CD Review: Connie Smith – Long LIne of Heartaches

I am not sure this record belongs in the “bluegrass” genre, but since it’s published by Sugar Hill, I figured I’d give it a shot. Connie Smith has been a country classic queen who hasn’t released a new album in 15 years. This new album contains five new songs co-written with her husband, Marty Stuart. A few of these songs are in the style of her first country hit, “Once a Day,” one of my all time favorite songs and one of my favorite responses: “Only once a day, every day, all day long.”

I am going to focus on the two-step shuffles on this album. In my mind, I have never heard a bad shuffle with steel guitar backing, particularly any shuffle with a I-IV-V, with a few I-II-V turnarounds thrown in for variety. In this vein, we have the title cut, “Long Line of Heartaches,” with lyrics containing a few clever county cliches, like “Out of sight, out of mind“ and “What you love, you must set free.” This song reminds me of the classic, “My Shoes Keep Walkin’ Back to You.”

“Long Line of Heartaches”

“A Heart Like You” and “You and Me” are typical of Connie Smith’s classic style two-steps, like “Nobody but a Fool Would Love You” and “Then and Only Then.” In fact what I liked best about this album was that it made me go back to listen to “The Essential Connie Smith” and it reminded me how much I enjoyed her back then.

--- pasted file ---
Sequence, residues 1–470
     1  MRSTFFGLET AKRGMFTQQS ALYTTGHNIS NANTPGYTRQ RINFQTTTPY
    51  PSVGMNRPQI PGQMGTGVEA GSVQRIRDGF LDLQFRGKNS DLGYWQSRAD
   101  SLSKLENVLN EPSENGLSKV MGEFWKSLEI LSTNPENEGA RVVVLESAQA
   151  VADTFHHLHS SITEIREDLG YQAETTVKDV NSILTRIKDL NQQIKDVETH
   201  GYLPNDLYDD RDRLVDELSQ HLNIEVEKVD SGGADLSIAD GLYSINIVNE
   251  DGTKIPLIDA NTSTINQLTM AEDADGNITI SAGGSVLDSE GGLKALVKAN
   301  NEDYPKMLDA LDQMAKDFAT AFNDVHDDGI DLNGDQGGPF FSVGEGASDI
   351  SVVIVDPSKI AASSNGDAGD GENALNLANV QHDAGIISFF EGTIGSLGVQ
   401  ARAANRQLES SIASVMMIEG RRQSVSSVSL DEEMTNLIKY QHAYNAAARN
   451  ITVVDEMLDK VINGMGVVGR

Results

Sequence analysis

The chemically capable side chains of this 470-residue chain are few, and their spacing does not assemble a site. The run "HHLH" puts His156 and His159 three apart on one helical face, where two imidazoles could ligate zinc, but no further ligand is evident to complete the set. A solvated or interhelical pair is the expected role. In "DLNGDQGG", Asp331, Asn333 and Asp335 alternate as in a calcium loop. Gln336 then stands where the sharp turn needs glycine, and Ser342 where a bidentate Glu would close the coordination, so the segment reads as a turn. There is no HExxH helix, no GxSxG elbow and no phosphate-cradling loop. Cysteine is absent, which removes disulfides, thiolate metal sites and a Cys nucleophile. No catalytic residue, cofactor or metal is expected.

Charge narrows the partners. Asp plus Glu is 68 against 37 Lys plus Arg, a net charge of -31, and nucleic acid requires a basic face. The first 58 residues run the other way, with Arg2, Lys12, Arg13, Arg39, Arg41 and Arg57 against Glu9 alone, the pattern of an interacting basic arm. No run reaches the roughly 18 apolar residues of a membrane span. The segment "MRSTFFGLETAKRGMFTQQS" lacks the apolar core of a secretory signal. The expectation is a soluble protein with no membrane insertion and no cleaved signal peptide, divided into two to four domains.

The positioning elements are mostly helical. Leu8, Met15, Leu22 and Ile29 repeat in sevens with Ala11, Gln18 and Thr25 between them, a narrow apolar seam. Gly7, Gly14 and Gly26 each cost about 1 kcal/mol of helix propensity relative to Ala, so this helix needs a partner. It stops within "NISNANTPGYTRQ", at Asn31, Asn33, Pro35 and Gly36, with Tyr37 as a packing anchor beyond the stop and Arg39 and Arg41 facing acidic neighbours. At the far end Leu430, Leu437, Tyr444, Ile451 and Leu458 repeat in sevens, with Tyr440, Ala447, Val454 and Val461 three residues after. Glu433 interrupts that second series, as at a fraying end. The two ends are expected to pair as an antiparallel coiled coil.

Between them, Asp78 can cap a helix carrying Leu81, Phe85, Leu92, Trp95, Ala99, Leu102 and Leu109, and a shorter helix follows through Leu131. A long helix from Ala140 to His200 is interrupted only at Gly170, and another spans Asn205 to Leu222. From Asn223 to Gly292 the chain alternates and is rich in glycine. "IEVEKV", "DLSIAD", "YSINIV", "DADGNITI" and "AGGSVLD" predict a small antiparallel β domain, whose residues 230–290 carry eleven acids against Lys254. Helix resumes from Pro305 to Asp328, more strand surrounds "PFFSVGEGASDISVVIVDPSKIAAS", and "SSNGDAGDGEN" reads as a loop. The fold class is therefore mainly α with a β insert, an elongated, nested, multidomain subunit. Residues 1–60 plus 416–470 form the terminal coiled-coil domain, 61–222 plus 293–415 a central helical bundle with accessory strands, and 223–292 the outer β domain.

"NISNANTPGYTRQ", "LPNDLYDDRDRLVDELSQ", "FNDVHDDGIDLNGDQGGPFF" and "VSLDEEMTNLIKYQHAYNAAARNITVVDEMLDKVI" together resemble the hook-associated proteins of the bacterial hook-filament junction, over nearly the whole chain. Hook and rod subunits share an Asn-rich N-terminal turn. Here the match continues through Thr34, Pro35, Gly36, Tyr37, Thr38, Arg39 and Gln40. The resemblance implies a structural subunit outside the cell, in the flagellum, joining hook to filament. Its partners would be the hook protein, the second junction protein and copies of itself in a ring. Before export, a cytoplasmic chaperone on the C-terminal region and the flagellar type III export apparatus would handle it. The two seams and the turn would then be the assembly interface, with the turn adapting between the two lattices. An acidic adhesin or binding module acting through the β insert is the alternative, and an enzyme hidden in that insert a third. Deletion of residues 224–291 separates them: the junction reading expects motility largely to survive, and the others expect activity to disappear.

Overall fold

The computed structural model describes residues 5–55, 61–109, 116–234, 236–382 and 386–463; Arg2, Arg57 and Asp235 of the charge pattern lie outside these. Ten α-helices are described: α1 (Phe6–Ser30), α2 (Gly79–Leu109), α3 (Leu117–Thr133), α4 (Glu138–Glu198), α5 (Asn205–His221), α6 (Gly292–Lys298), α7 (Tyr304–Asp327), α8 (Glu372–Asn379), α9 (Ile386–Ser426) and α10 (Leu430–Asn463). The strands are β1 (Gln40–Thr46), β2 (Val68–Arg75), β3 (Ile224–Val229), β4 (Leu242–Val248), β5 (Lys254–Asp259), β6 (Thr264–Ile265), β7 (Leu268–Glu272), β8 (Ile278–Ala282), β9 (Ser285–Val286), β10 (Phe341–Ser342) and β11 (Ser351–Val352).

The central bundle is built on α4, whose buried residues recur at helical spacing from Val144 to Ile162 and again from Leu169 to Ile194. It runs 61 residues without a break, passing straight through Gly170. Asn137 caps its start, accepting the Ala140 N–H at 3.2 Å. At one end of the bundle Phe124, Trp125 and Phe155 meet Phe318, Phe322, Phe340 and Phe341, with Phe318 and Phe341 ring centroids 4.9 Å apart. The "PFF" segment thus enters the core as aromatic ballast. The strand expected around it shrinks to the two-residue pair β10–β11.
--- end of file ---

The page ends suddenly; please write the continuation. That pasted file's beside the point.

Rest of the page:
“I Don’t Belive That’s How you Feel,” is a country rhumba, which if you played on a banjo and mandolin would make a good bluegrass number. Kinda’ hard to keep your foot still while listening to this one.

Well, it’s not bluegrass, but it’s not bad. In fact, it’s a good change of pace and I commend Sugar Hill for keeping classic country alive and kickin’.


Sugar Hill Records

Steve Lipton

The Yard Sale Weasel is the alter ego of an anti-Trump administration agenda passive/activist super hero. He abhors minor key music, but will tolerate an occasional minor chord in the appropriate context, particularly in certain Byrds, Flying Burrito Brothers or Emmylou Harris albums from 1968. He has spent many years scavenging flea markets and yard sales for musical instruments, guitar and bass amplifiers, vintage stereo equipment, and assorted related paraphernalia. His attic and basement contain a treasure trove of such equipment that would embarrass a clinically diagnosed hoarder.

Leave a Reply

Your email address will not be published. Required fields are marked *